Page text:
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       You do not want to know about my computer troubles. Suffice it to say that despite the efforts of technicians from four different countries--the Russian is the most helpful--the purchase of two more adapters to add to the collection that I had made before leaving the United States, and the installation of an alternative modem, I will be filing by fax (if I can figure out how to hook up to a printer). The two hours this takes makes me late to the seminar on how global connectivity via the Internet is revolutionizing not only the world's economy but its political structure as well.

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       The speaker at the crowded session is John Nesbitt. He tells us that "bigness" is now in networks, not firms. Networks of franchises, like Visa, are the wave of the future, not the Fortune 500. Small and medium-size firms are the source of all job growth in the United States (he does not explain why, despite this dynamism, the distribution of jobs by firm size has stayed remarkably constant). Not only big firms, but nation-states will gradually give way to networks, whose most important characteristic is that, as in the case of the Internet, no one is in charge. The most successful of the world's current networks is that maintained by the overseas Chinese. As a group, the Chinese diaspora is now the world's third-largest economy--behind only the United States and Japan. The New World is being shaped by Asia and by economics, while the Western media remained fixated on the West and on politics. Will these new economic powerhouses become political forces too? wonders Time magazine's Walt Isaacson. What about the Riadys and the other overseas Chinese caught up in the Democratic National Committee's fund-raising scandal? Not important, says Nesbitt, government itself will be a declining factor in the networked world of the new millennium.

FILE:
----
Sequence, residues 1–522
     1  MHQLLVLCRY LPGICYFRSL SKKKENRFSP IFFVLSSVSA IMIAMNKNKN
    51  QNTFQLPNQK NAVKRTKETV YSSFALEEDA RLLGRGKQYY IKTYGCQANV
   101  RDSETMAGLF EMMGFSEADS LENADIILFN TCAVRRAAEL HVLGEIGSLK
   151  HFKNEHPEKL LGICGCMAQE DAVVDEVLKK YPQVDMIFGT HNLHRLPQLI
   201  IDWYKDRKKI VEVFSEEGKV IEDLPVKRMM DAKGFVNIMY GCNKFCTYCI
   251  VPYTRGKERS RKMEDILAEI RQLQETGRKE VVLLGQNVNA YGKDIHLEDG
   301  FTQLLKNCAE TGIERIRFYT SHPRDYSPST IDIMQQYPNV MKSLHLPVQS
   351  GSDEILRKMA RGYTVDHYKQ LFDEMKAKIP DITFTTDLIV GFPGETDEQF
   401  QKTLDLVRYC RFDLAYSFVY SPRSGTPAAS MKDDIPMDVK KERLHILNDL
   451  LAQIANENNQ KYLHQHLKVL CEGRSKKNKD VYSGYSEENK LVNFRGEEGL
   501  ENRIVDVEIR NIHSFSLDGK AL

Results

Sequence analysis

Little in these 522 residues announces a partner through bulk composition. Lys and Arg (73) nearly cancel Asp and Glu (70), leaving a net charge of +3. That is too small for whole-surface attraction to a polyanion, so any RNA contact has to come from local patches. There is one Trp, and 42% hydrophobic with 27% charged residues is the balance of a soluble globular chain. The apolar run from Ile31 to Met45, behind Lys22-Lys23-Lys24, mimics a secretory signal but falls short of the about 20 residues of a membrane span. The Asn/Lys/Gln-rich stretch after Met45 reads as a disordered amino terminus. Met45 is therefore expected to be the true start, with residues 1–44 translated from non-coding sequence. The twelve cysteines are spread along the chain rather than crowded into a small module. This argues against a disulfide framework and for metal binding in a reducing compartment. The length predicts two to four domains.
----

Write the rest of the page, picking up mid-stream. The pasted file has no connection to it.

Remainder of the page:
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       My friend Dick Cohen, the WashingtonPost columnist, explains why my computer won't hook up. It's because we're getting near the third millennium--so, every day, we are farther away from the 1950s, "when everything worked." This is known as Cohen's Maxim.

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       Later at the Plenary Opening Session, Russian Prime Minister Victor Chernomyrdin speaks of the importance of Asian investment, open markets, and Russia's aspirations for integration into the global market; GE Chairman and CEO John Welch predicts that new-wave communications will produce the long-sought jump in global productivity; NATO Secretary-General Javier Solana Madariaga discusses the importance of extending the structure of the alliance--but, of course, with strong assurances of peaceful intention to its Russian neighbor. Nobel laureate Wole Soyinka speaks in poetry of what markets mean for everyday lives and the fates of communities. It is a wistful poem.

Slate Washington Editor Jodie T. Allen is filing from Davos, Switzerland, where she is attending the World Economic Forum, an international meeting of leaders from business, government, academia, and the media.